Bellicum's cell therapy for hematologic cancers, BPX-401, is in preclinical development for the treatment of acute ALL, chronic lymphocytic leukemia (CLL), and certain types of non-Hodgkin's lymphoma. The company says, "We have generated preclinical proof-of-principle data in vitro showing that BPX-401 has significant CAR-T cell activation and proliferation potential, and may be more effective in killing cancer cells compared to other CAR-T constructs."

Bellicum's share price currently hovers around $23, with a market cap of $597 million, but those numbers should jump considerably higher as the company's CAR-T compounds move into clinical trials.

The "Fly in the Ointment"

For all of their promise, current CAR-T therapies come with significant downside: They can kill you.

A number of deaths have occurred in CAR-T trial studies, both at JUNO's Labs and at the University of Pennsylvania. The deaths resulted from cytokine syndrome, a release of inflammatory immune substances such as interferon, interleukin, and various growth factors, in response to T-cell activation.

These so-called "cytokine storms" can result in high fever, muscle aches, low blood pressure, delirium, and excess fluid in the lungs.

Both Juno and Bellicum are working on strategies to lower the risk of this kind of toxic response, but whether their strategies will work remains to be seen.

So for all of its promise, CAR-T may represent merely a transitional point to another type of therapy altogether – one that is safer and more effective, and may even prove to be a "magic bullet" for all cancers.

Join the conversation. Click here to jump to comments…

About the Author

Ernie Tremblay has more than 25 years of experience in following and analyzing the latest developments in health, medicine, and related technologies. He understands the FDA approval process, as well as the "hard science" behind new, experimental drugs and the market demand for them - and has a comprehensive grasp of the complex dynamics that determine whether a new drug will be a breakthrough winner, or just another casualty of the FDA approval process.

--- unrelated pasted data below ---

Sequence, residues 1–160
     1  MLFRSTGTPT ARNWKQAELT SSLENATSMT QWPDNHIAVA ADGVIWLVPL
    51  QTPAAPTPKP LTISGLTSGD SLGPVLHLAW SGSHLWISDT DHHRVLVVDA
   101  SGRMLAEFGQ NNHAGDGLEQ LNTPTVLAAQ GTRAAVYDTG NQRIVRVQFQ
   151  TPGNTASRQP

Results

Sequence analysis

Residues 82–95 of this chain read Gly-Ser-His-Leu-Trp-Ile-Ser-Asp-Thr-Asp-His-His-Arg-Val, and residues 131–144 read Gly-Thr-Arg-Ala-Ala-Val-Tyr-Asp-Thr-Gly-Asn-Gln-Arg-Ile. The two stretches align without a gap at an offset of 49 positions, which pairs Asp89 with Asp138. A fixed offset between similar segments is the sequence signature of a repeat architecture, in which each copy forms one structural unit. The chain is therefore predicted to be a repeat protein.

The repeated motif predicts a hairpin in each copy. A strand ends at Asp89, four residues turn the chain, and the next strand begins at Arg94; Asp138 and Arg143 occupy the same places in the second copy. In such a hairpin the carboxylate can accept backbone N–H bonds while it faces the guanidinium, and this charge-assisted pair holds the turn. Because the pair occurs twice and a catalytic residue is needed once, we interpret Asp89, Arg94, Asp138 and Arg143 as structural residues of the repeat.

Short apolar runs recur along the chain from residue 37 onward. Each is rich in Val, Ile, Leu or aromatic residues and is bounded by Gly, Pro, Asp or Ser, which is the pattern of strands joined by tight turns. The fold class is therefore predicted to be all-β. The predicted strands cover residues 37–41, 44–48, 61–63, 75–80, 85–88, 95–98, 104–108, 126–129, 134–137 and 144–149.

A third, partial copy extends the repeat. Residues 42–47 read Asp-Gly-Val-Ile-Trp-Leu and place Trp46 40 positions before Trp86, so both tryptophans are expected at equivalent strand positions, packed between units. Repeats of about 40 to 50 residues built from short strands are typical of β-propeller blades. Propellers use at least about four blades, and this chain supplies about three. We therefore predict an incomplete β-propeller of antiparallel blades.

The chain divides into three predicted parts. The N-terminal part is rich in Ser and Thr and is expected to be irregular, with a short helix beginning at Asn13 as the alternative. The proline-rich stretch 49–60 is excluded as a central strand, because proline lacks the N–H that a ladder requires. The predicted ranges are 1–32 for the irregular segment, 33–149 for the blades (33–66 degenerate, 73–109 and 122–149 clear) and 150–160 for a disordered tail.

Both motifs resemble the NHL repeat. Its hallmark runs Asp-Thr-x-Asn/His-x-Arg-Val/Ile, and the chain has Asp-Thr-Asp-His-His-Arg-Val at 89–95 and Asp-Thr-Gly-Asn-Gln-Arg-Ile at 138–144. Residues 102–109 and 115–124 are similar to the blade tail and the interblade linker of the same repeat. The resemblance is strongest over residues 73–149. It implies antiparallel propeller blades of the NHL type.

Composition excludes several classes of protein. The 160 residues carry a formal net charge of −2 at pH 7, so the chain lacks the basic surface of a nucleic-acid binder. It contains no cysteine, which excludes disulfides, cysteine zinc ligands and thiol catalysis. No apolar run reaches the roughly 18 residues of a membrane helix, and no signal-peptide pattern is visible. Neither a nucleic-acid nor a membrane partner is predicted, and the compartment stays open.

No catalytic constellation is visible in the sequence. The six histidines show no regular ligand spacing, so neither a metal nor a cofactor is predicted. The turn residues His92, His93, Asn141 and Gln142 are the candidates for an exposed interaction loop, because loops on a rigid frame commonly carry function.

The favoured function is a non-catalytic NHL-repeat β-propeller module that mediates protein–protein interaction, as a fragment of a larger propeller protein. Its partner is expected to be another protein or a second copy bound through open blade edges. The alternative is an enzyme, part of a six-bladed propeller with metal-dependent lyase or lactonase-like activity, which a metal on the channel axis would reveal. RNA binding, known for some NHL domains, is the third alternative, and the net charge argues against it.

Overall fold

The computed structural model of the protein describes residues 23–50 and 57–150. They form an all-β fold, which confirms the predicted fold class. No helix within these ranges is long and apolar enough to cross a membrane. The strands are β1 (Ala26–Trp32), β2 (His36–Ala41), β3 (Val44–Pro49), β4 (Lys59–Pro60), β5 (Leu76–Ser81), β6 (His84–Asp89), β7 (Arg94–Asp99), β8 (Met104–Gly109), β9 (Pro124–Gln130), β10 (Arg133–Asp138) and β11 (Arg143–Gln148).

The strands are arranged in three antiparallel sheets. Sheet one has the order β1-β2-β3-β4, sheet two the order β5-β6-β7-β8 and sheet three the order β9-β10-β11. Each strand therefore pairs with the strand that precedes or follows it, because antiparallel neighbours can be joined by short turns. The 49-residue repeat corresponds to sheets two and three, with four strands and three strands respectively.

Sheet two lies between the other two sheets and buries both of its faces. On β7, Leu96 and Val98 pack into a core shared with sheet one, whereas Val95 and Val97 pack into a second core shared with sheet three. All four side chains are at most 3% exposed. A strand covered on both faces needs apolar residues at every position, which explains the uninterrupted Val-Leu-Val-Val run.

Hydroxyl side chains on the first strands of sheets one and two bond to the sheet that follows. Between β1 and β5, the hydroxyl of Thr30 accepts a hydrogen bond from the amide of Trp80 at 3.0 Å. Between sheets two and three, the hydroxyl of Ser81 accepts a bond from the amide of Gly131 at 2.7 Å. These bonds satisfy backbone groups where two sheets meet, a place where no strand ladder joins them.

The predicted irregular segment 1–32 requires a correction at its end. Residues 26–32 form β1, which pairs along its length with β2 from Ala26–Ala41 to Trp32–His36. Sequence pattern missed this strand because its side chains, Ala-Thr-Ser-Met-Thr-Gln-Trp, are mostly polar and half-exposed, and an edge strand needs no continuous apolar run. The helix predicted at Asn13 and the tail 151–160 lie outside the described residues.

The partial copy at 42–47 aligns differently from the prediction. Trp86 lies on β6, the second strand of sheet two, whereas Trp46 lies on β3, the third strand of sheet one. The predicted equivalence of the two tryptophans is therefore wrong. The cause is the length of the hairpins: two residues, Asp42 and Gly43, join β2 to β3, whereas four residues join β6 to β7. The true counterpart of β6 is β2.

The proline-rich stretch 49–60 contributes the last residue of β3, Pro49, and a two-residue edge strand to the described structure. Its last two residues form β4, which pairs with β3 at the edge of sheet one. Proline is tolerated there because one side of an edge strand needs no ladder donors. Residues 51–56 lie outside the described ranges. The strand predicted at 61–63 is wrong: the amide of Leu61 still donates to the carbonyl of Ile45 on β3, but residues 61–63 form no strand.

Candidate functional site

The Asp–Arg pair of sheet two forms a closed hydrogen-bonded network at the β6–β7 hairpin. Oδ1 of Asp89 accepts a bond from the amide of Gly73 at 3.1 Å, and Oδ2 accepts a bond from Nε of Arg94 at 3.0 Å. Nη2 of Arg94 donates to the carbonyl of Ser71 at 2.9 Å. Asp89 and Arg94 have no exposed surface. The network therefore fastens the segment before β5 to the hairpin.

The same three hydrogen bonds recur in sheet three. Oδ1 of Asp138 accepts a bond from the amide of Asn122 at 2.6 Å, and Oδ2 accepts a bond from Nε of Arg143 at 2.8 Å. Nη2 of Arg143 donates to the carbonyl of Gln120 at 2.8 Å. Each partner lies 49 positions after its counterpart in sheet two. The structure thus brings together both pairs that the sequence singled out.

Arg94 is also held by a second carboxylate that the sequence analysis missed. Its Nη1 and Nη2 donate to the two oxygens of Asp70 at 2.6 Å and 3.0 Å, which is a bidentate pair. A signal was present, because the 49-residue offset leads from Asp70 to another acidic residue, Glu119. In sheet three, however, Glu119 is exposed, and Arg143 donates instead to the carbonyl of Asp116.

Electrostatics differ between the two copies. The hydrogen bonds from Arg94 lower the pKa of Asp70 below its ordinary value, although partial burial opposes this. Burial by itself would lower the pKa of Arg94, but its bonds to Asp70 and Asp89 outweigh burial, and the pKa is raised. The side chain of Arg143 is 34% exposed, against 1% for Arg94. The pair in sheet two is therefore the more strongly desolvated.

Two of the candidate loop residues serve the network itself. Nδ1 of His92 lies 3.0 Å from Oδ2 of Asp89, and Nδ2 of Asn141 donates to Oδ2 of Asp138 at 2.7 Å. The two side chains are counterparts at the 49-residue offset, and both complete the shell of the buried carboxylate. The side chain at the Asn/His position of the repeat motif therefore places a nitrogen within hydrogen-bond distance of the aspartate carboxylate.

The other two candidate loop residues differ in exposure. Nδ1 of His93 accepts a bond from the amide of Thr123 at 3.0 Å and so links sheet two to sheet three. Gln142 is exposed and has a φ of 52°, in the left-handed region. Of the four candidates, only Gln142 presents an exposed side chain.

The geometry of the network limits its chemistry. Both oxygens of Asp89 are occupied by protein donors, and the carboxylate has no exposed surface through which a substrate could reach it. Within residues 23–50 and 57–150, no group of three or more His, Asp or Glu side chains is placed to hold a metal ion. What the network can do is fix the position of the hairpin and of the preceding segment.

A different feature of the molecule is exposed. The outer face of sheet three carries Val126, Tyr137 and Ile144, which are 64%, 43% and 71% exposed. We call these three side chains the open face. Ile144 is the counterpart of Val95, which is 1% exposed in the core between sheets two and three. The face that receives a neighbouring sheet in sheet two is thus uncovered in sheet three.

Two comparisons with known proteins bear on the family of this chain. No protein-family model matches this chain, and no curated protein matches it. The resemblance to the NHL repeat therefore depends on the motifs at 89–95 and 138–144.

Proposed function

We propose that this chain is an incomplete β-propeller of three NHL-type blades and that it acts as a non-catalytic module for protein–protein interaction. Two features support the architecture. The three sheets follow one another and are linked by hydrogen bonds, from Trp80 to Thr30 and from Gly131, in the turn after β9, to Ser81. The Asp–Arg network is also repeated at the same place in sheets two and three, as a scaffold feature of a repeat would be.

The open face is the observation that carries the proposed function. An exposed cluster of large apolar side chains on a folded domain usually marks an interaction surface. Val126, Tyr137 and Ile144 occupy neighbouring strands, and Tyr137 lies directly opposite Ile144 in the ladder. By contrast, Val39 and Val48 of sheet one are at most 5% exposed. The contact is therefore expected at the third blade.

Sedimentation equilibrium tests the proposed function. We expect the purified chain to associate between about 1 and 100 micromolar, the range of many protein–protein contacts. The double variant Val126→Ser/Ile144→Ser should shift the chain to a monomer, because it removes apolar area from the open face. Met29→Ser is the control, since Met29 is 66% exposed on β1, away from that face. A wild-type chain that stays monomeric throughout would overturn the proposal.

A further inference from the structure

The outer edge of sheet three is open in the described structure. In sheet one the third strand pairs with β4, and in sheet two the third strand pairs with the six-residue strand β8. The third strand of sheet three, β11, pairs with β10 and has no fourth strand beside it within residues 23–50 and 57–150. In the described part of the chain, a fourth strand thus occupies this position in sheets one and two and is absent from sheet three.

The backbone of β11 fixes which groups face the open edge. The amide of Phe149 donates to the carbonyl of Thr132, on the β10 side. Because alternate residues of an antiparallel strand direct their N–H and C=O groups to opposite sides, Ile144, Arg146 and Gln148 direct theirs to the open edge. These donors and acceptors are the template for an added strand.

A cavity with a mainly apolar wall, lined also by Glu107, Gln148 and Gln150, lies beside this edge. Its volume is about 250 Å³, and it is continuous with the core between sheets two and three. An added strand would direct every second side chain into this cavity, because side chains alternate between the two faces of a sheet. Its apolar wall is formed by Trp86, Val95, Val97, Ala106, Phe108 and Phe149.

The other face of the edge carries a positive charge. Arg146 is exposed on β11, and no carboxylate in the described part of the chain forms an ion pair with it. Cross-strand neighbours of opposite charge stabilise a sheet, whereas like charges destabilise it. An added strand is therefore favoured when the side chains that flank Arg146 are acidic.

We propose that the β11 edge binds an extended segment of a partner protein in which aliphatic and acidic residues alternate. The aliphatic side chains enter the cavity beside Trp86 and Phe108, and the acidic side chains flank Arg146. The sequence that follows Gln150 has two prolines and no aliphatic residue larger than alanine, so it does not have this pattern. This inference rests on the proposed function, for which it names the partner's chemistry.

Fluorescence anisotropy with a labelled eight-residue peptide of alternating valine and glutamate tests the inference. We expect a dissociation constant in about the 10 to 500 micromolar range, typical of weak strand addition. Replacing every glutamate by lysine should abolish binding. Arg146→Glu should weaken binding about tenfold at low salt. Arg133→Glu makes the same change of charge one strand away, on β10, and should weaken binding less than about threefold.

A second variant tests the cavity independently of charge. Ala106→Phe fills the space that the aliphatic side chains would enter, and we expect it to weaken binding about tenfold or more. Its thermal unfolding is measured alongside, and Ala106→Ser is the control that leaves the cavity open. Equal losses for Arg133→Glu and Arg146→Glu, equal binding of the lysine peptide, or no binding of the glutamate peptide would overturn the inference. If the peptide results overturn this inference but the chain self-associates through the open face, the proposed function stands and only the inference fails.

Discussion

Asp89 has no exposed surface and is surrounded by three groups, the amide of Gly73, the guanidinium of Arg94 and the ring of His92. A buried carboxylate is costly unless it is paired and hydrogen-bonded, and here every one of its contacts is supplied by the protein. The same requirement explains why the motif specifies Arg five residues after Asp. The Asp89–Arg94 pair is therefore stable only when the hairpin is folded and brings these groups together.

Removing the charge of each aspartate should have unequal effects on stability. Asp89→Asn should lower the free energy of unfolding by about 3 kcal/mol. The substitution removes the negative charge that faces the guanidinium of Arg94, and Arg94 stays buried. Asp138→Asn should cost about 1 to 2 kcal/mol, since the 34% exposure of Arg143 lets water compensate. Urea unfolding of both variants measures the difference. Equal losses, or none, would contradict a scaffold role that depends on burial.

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  1. Dieter Hovekamp | June 20, 2015

    There is something to learn: the cure for cancer is nonsense !
    As there is not ONE cancer to cure there will be not ONE magic bullet for "all" cancers.
    But we a close to many cures to many if not all cancers. CAR-T is certainly a good one – but there are many sorts of CAR-T already targeting different but also the same kind of cancers. Then there are checkpoint inhibitors and oncolytic virus therapies as well as all sorts of antibody bi- and tri-specifics etc. Common to all: they make use of the natural immune system.
    Closer to "magic bullets" are combinatons of these technologies to better/more effectively target tumors and – perhaps – one other kind of T-cell therapies focussed on TCRs, which bring about 9-fold as many targets in much finer grains as CAR-T and all the others.
    Juno and e.g. Kite are now looking in that TCR direction too, but the clear leader in this field is Adaptimmune together with its sister company Immunocore both UK spinouts of German Medigene AG, which is also developing its own set of immunotherapies – including one being a library of TCRs.